What impact do modern buildings have on human health?!

Some features of modern buildings appear to pose clear health hazards, as they prevent contact with many microorganisms in the natural environment and negatively impact the diversity of the human microbiome.

The lifestyle of an industrialized society gradually reduces the diversity of the human microbiome, contributing to the development of “environmental diseases” such as type 2 diabetes and neurodegenerative diseases.

Buildings create new niches for disease hosts and vectors, concentrate waste and toxic substances, and reduce ventilation and sunlight penetration, according to scientists at the Canadian Institute for Advanced Research (CIFAR) in Toronto. That’s what it means.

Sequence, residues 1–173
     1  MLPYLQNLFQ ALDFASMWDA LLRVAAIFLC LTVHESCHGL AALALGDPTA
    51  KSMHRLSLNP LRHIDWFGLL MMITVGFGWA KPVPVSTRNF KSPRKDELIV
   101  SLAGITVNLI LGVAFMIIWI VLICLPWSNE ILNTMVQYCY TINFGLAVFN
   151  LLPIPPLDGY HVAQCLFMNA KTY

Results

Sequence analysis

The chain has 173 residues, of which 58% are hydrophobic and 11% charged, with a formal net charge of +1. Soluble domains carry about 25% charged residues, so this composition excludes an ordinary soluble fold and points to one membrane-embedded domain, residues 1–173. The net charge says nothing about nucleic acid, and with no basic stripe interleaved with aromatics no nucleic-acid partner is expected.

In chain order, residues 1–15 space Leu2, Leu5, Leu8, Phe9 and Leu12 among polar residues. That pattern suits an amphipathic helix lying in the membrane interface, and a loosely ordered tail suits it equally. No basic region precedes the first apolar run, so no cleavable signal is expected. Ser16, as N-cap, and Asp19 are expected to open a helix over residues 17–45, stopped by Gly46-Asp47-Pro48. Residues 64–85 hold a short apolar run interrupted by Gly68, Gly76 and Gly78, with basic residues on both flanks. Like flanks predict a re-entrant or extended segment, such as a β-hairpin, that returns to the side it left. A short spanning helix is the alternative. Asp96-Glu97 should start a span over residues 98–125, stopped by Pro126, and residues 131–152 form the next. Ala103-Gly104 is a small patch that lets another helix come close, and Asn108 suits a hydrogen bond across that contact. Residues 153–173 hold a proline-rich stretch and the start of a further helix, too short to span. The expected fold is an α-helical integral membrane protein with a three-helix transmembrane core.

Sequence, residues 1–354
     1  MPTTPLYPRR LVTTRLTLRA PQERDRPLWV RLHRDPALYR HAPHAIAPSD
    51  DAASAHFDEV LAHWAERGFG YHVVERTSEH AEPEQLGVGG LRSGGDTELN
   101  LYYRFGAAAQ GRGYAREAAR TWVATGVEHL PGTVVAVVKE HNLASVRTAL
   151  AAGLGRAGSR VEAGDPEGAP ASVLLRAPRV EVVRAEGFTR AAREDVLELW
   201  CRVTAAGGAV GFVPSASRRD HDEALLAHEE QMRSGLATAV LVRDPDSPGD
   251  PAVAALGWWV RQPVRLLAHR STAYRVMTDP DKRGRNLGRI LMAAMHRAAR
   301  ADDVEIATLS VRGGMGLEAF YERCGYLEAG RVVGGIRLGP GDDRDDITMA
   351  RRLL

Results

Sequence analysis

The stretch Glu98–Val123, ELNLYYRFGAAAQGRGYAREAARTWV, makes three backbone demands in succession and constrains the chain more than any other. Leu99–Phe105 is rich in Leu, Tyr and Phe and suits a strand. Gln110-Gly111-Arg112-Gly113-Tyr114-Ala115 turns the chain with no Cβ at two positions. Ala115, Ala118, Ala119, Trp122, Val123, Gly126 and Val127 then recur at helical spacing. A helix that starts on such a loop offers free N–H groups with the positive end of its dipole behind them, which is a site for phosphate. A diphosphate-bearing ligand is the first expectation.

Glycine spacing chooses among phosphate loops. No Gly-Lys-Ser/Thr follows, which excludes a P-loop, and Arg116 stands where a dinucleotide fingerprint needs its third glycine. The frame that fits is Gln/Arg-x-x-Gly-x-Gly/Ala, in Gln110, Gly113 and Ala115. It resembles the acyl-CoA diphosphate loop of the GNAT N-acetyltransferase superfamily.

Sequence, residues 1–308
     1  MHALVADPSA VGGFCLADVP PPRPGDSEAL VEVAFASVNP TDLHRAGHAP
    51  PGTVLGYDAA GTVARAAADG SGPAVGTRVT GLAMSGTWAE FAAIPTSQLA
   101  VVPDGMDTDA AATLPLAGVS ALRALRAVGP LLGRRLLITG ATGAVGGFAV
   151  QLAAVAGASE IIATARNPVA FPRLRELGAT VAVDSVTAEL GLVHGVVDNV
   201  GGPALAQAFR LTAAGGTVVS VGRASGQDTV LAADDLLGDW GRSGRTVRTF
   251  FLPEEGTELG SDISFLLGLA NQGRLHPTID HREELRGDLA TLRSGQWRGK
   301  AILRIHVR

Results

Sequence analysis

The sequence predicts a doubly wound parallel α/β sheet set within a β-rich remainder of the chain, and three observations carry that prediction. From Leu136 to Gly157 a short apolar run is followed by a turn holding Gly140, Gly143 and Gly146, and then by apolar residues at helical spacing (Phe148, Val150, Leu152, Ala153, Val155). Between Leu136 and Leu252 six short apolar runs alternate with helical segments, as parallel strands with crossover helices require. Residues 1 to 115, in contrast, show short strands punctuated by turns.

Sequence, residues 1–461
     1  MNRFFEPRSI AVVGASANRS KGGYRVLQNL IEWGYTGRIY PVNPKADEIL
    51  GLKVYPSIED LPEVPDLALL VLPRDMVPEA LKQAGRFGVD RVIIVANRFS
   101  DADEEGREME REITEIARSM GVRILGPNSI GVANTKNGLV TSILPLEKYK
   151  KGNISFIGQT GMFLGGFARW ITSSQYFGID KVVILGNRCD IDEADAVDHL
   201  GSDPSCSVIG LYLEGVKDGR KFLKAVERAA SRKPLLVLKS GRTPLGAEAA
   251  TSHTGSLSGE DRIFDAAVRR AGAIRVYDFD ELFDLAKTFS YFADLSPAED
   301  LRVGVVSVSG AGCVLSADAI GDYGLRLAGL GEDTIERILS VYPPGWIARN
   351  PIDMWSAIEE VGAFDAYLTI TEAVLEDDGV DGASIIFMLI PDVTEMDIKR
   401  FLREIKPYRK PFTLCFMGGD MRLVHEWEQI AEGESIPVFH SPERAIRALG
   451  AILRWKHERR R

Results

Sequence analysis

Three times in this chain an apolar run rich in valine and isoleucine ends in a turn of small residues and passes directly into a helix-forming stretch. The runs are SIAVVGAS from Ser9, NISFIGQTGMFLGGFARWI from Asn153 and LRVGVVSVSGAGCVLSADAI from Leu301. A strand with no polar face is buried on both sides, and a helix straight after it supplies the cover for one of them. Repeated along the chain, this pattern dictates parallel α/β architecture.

For example, the built environment creates new reservoirs of harmful microorganisms that are adapted to humans or reduces an individual’s exposure to beneficial microorganisms.

An innovative and comprehensive perspective that views living organisms and microorganisms as “functional units” will change the boundaries of urban planning around the world.

Scientists provide innovative scientific and applied perspectives to develop future microbiome-friendly architectures, re-enabling natural and healthy human-microbial contact within the built environment You will.

The ultimate goal is to plan and construct future buildings in a way that does not focus on complete isolation from the natural microbial environment. This can be achieved by using less toxic building materials and increasing the overall structural permeability to external influences, especially microorganisms.

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